Callie Ledford, Kayla Dendy, FACSM, Rebecca R. Rogers, Christopher G. Ballmann, FACSM, Tyler D. Williams. Samford, Birmingham, AL.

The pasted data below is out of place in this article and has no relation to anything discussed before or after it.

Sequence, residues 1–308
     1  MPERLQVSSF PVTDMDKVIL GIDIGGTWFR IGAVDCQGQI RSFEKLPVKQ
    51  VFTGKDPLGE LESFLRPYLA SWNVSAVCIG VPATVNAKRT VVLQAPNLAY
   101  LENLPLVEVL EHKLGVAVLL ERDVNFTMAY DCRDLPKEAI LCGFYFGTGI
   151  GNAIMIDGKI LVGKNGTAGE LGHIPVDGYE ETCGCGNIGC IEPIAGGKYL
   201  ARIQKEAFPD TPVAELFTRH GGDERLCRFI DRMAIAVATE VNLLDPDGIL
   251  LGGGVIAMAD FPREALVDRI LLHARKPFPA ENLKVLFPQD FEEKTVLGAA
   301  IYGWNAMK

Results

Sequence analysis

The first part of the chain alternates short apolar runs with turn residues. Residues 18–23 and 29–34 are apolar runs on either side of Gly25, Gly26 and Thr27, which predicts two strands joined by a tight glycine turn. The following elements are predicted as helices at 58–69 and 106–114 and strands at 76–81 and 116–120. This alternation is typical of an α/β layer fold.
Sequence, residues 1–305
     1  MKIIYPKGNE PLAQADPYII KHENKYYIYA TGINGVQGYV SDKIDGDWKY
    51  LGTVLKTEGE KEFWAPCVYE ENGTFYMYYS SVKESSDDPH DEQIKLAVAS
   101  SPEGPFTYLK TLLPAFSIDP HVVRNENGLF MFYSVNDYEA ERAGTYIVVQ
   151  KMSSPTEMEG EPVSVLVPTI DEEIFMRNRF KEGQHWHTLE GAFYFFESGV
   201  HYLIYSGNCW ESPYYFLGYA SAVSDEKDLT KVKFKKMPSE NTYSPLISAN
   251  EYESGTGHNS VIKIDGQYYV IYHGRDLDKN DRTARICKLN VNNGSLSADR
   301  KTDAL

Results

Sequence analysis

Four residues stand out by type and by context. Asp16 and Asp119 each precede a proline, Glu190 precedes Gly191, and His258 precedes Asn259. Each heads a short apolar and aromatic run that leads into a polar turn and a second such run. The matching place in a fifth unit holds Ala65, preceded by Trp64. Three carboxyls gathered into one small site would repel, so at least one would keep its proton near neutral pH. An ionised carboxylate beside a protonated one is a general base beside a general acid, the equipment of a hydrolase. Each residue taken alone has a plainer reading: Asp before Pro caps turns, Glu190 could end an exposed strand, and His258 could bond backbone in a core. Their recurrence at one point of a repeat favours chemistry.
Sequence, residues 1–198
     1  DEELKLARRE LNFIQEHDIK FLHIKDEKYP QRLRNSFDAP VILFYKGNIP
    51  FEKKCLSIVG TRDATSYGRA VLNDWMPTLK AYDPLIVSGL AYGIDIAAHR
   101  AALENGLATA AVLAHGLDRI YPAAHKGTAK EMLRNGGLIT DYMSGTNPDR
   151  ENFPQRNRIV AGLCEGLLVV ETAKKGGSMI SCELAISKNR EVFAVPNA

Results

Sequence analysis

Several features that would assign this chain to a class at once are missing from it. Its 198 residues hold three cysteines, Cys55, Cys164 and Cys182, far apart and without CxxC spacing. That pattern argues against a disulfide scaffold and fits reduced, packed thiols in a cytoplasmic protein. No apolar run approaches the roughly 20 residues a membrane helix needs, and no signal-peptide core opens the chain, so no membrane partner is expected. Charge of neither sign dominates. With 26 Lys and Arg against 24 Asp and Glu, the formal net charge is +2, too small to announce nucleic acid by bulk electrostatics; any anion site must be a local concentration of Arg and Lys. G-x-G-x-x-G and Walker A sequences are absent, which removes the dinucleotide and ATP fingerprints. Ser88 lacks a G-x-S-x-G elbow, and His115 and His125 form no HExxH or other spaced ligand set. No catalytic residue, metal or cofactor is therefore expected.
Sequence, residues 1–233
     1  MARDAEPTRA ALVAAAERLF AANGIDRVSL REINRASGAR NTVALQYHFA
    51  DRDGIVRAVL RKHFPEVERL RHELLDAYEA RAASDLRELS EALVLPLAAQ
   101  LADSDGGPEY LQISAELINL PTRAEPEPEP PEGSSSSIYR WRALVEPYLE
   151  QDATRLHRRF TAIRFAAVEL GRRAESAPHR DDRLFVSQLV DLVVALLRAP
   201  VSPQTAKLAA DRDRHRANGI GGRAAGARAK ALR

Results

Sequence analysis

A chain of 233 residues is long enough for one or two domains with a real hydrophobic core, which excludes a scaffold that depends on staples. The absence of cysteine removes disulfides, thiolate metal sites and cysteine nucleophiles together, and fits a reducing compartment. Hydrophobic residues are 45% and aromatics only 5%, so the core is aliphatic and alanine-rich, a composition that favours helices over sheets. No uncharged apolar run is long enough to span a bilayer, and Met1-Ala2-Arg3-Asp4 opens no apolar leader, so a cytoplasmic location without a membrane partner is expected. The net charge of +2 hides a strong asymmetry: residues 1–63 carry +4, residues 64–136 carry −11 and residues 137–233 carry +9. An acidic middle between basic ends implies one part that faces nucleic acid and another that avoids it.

BACKGROUND: Topical menthol cream has an analgesic effect that has been shown to reduce muscular pain following intense physical activity. Currently, there has been minimal investigation of the efficacy of topical menthol cream to reduce muscular discomfort during exercise and the potential effects on performance. The purpose of this study was to examine the effects of topical menthol cream on anaerobic exercise performance during repeated supramaximal cycle sprints. METHODS: Twelve physically active females were recruited for this study. In a double-blinded, counterbalanced, crossover design, subjects received a topical application of a 10% menthol cream or placebo to the anterior and posterior thigh prior to exercise testing. During each trial, subjects completed 3 sets of 15-second modified Wingate anaerobic tests (WAnT) with 2 minutes of rest between each sprint. Peak power, mean power, fatigue index, and total work were measured and recorded. Additionally, perceived exertion and pain perception were recorded following each sprint. A 2 × 3 repeated measures analysis of variance was used to determine differences between conditions for each outcome measure. RESULTS: Peak power (p = 0.021) and fatigue index (p = 0.022) were significantly higher in the menthol condition compared to placebo. There were no differences in other performance variables between conditions (p > 0.05). Perceived exertion was significantly lower in the menthol condition during the WAnT 1 (p = 0.031), however, there were no differences in subsequent sprints (p > 0.05). Muscular discomfort during the sprint tests was not different between conditions (p > 0.05). CONCLUSION: Based on the results of this study, topical menthol cream leads to increased peak power output, but may lead to greater fatigue during sprint performance.

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